7 African-Americans honored for ‘2018 Strong Men & Strong Women in Virginia History’
2/17/2018, 9:16 a.m.
Seven outstanding African-American leaders were celebrated during the sixth annual “Strong Men & Women in Virginia History” awards program Feb. 7 at a Downtown hotel.
The program, sponsored by Dominion Energy and the Library of Virginia, honors past and present people who have made noteworthy contributions to Virginia.
The 2018 honorees:
• Retired Judge Angela Edwards Roberts of the Richmond Juvenile and Domestic Relations District Court. In February 1990, she was the first African-American woman elected to the bench in Virginia. She grew up in Caroline County, earned a undergraduate degree from Virginia Tech and a law degree from Emory University. Before being named to the bench, Judge Roberts served as an assistant commonwealth’s attorney in Richmond and as a staff attorney for the Virginia State Bar. She was chief judge of the court for two terms and established an annual Adoption Day ceremony to celebrate the adoption of children from the foster care system. She retired in 2016 and continues to sit as a substitute judge.
• Calvin Coolidge Green of New Kent County, an educator and civil rights activist. He taught high school biology and chemistry in Richmond for more than 30 years. He was a colonel in the Army Medical Service Corps and later served in the Army Reserve Chaplain Corps. But he may be best known for his efforts to desegregate public schools in Virginia. As president of the New Kent County Branch NAACP, he filed suit in 1965 in his youngest son’s name against the county’s requirement that African-American students petition the New Kent County School Board to attend the public school for white students. His suit came more than 10 years after the U.S. Supreme Court’s landmark Brown decision outlawing separate but equal public schools for African-American and white students. He died in 2011.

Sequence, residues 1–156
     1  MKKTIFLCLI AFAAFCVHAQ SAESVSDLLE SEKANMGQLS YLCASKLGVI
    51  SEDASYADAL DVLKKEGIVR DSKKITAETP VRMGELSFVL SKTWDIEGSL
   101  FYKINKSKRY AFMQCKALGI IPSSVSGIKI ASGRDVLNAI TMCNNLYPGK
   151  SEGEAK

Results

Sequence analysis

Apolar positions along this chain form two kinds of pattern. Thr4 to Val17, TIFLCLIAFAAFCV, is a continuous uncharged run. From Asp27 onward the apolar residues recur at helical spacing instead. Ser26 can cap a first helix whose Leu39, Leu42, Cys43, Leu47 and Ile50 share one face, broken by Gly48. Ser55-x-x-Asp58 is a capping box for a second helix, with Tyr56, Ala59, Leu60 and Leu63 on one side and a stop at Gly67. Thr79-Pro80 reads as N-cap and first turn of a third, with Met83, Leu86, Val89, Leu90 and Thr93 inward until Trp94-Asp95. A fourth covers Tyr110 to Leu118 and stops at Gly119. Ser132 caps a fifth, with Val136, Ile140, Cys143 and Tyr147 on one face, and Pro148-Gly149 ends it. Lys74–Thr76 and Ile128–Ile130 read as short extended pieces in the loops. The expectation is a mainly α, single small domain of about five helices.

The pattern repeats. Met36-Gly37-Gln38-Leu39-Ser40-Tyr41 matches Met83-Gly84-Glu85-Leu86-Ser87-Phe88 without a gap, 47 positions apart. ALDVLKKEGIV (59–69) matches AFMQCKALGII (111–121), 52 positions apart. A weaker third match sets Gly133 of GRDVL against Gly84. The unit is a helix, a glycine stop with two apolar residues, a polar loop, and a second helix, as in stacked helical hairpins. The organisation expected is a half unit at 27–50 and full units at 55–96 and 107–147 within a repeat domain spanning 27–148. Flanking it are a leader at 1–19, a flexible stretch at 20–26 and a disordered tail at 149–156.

• Dr. Dana Olden Baldwin of Martinsville, a physician and entrepreneur. He graduated from high school in North Carolina at 16 and later earned his medical degree from Leonard Medical College of Shaw University in 1910. For many years, Dr. Baldwin was the only African-American physician in Martinsville. He opened St. Mary’s Hospital in Martinsville, and started a number of businesses on property around his medical practice. With restaurants, hotel, a barbershop, dental practice, pharmacy and theater, the area became known as “Baldwin’s Block,” a commercial hub for African-Americans. He also operated the nearby Sandy Beach Resort and created the June German Ball, a social event and dance that featured famous entertainers. While the block no longer exists, the city established the Dr. Dana O. Baldwin Memorial Park to honor his legacy. He died in 1972.
• Warren Wesley Buck III of Hampton, a physicist and educator. One of the first African-American graduate students to attend the College of William & Mary, he joined the Hampton University faculty in 1984 and was part of the team that helped create the U.S. Department of Energy’s Continuous Electron Beam Accelerator Facility in Newport News now known as Jefferson Lab. He helped create Hampton University’s Ph.D. program in physics and, in 2007-08, served as co-chair of the Committee on New Opportunities in Solar System Exploration of NASA’s New Frontiers Program. He is a former chancellor of the University of Washington at Bothell and currently serves on William & Mary’s Board of Visitors.